‘COPYCATS’ MUST PAY ROYALTY — KSA
King of World Beats, Otunba Sunday Ishola Adeniyi-Adegeye a.k.a. King Sunny Ade, spoke with us about those playing his brand of music, Nigerian copyright law and other issues
Q: In the 1970s, you introduced a brand of music called Synchro System, which was hi-tech juju music. What informed the idea?
A: I decided to introduce Synchro System as my own identity. My music is quite different from Ebenezer Obey's, while his is also different from I. K. Dairo's. We all have musical identities.
Q: What is Synchro System?
A: Synchro System means my music is well synchronised. It was not my own initiative, it was originated by a friend called Lawyer Faloye, who, having listened to my music, advised that I introduced a hi-tech music. This is because my music was well synchronised. After this, I went to the drawing board and introduced a dance step called synchromatic dance.
Q: What did you have in mind when you were producing the music?
A: I thought the time had come then for me to do a new thing because I pioneered good music.
Q: Are you aware that other people play your brand of juju music and do you know them?
A: It is they that can say they are playing my kind of music. Thank God for that. Do you know why I said that? I adopted the Tunde Nightingale's style of music and I make bold to say it, but other people can't say such thing. Now that I have my own brand of music, other people who play the music should be in the position to say it aloud that they are performing like me.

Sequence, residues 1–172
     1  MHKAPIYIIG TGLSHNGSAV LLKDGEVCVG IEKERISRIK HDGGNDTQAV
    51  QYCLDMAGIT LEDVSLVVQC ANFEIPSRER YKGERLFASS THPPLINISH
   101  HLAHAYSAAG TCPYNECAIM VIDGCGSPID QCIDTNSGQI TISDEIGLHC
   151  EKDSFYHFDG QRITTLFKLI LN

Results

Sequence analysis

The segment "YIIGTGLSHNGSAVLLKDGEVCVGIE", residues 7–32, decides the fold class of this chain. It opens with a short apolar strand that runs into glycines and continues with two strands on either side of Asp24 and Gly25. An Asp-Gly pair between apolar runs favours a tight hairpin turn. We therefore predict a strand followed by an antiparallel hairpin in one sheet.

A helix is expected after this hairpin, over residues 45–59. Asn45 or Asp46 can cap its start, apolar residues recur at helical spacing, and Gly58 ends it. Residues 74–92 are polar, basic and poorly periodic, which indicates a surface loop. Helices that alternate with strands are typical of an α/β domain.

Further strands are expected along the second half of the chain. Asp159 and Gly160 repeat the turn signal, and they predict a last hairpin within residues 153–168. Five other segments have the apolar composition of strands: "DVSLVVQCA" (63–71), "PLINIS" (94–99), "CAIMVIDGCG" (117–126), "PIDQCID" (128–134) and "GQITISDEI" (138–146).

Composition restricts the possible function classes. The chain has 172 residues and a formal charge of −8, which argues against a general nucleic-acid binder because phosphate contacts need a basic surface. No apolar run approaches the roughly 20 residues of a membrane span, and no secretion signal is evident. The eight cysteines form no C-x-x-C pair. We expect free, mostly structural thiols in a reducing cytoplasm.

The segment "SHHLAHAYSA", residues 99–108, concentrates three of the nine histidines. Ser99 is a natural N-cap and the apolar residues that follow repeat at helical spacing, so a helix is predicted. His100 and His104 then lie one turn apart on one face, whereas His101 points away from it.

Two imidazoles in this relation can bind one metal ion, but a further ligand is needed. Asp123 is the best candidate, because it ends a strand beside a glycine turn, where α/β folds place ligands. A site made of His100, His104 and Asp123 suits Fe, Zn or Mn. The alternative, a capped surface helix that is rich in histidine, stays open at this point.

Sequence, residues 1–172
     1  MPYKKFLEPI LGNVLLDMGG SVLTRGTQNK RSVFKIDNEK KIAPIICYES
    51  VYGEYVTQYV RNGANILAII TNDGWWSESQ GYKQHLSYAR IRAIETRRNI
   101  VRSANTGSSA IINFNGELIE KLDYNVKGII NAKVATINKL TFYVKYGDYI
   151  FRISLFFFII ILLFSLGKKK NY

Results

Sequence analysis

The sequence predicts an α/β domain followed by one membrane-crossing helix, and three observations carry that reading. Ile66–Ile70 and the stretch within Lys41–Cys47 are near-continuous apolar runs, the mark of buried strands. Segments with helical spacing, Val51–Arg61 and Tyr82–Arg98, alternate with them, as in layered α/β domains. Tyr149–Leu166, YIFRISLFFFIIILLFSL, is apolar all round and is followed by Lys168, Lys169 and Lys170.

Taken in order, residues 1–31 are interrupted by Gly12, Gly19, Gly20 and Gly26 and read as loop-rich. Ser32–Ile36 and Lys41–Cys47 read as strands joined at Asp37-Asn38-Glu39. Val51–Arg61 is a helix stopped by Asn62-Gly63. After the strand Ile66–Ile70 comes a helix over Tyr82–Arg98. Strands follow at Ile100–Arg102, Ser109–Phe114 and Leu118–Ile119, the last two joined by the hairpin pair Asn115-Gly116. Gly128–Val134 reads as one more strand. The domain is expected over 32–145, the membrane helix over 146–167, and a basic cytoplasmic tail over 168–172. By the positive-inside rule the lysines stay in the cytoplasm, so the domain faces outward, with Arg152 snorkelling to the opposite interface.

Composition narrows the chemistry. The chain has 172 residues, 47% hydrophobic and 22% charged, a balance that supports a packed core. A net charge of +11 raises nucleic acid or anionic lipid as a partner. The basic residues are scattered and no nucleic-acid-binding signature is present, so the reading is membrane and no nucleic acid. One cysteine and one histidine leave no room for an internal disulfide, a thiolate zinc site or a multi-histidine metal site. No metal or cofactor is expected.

Q: How do you feel when people sing your songs while performing in public?
A: Well, if they sing my song the way I play it, it means they have copied my music. That is, they are using my intellectual property.
Q: Don't you think by so doing, they see you as their role model?
A: Yes, I agree.
Q: Do you feel happy when you hear somebody performing your song in public?
A: I always feel happy about it. After all, I performed like others before me, before creating my own brand. I am always a happy man. It is also a thing of joy when somebody copies my music creatively. What I mean is that if you copied in a constructive way and people enjoyed what you've done, then you can improve. But above all, it is better for the person to seek my consent and he or she will be respected.
Q: Are you trying to say that the musicians who sing your songs and play your brand of music did not seek your consent before doing so?
A: Yes, that is part of the problems of our copyright law should deal with but the law is not effective. If you make them go through all that rigour right now, they will simply take you for somebody who does not want others to progress or reach greater height in their career.
Q: As a former chairman of the Music Copyright Society of Nigeria (MCSN), it is a known fact that anyone who performs other person's songs without permission must be sanctioned. How do you feel when your songs are used by others without paying you royalty, or are you paid at all?
A: No, they don't pay me royalty, but what we are now trying to do is to create awareness. We really need to do a lot of work on this because they don't believe they should pay for what they use, whereas in other countries, where copyright law is effective, you don't make any noise about this. The people know the right things to do.